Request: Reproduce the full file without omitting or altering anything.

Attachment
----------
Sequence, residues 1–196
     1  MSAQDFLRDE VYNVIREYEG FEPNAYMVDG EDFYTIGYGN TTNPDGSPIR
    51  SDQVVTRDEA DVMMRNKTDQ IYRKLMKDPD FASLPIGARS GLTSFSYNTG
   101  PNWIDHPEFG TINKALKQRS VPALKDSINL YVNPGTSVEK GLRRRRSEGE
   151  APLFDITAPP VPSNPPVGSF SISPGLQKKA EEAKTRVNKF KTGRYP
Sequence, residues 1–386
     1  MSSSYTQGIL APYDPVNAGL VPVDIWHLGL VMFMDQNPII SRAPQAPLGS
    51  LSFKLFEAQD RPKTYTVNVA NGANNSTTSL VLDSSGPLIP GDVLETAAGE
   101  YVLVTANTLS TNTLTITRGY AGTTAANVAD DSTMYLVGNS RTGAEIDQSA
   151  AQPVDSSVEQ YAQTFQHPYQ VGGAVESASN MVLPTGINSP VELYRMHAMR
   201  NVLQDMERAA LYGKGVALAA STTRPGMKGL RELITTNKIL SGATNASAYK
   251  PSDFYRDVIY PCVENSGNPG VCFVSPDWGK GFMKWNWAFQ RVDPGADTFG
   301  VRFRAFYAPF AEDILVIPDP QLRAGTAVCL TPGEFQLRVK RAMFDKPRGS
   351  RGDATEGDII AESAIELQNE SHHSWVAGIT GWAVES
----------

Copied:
Sequence, residues 1–196
     1  MSAQDFLRDE VYNVIREYEG FEPNAYMVDG EDFYTIGYGN TTNPDGSPIR
    51  SDQVVTRDEA DVMMRNKTDQ IYRKLMKDPD FASLPIGARS GLTSFSYNTG
   101  PNWIDHPEFG TINKALKQRS VPALKDSINL YVNPGTSVEK GLRRRRSEGE
   151  APLFDITAPP VPSNPPVGSF SISPGLQKKA EEAKTRVNKF KTGRYP
Sequence, residues 1–386
     1  MSSSYTQGIL APYDPVNAGL VPVDIWHLGL VMFMDQNPII SRAPQAPLGS
    51  LSFKLFEAQD RPKTYTVNVA NGANNSTTSL VLDSSGPLIP GDVLETAAGE
   101  YVLVTANTLS TNTLTITRGY AGTTAANVAD DSTMYLVGNS RTGAEIDQSA
   151  AQPVDSSVEQ YAQTFQHPYQ VGGAVESASN MVLPTGINSP VELYRMHAMR
   201  NVLQDMERAA LYGKGVALAA STTRPGMKGL RELITTNKIL SGATNASAYK
   251  PSDFYRDVIY PCVENSGNPG VCFVSPDWGK GFMKWNWAFQ RVDPGADTFG
   301  VRFRAFYAPF AEDILVIPDP QLRAGTAVCL TPGEFQLRVK RAMFDKPRGS
   351  RGDATEGDII AESAIELQNE SHHSWVAGIT GWAVES